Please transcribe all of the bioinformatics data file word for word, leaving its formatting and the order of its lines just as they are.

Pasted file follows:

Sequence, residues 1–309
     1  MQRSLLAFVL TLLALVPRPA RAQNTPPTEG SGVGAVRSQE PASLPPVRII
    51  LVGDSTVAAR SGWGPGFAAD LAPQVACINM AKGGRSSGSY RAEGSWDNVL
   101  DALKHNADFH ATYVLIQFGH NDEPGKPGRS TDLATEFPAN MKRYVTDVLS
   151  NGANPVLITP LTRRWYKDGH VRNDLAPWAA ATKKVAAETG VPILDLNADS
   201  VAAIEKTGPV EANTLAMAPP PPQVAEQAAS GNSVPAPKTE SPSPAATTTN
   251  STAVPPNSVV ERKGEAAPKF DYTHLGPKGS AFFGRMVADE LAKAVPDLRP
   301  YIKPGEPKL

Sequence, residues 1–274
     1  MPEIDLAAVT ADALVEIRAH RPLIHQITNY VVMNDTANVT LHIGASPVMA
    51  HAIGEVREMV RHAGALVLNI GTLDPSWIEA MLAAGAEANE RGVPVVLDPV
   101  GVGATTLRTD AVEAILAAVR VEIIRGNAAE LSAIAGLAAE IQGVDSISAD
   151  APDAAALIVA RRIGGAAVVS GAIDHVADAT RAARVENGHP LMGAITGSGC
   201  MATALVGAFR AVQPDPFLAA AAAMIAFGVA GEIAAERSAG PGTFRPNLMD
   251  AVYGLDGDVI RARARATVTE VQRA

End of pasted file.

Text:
Sequence, residues 1–309
     1  MQRSLLAFVL TLLALVPRPA RAQNTPPTEG SGVGAVRSQE PASLPPVRII
    51  LVGDSTVAAR SGWGPGFAAD LAPQVACINM AKGGRSSGSY RAEGSWDNVL
   101  DALKHNADFH ATYVLIQFGH NDEPGKPGRS TDLATEFPAN MKRYVTDVLS
   151  NGANPVLITP LTRRWYKDGH VRNDLAPWAA ATKKVAAETG VPILDLNADS
   201  VAAIEKTGPV EANTLAMAPP PPQVAEQAAS GNSVPAPKTE SPSPAATTTN
   251  STAVPPNSVV ERKGEAAPKF DYTHLGPKGS AFFGRMVADE LAKAVPDLRP
   301  YIKPGEPKL

Sequence, residues 1–274
     1  MPEIDLAAVT ADALVEIRAH RPLIHQITNY VVMNDTANVT LHIGASPVMA
    51  HAIGEVREMV RHAGALVLNI GTLDPSWIEA MLAAGAEANE RGVPVVLDPV
   101  GVGATTLRTD AVEAILAAVR VEIIRGNAAE LSAIAGLAAE IQGVDSISAD
   151  APDAAALIVA RRIGGAAVVS GAIDHVADAT RAARVENGHP LMGAITGSGC
   201  MATALVGAFR AVQPDPFLAA AAAMIAFGVA GEIAAERSAG PGTFRPNLMD
   251  AVYGLDGDVI RARARATVTE VQRA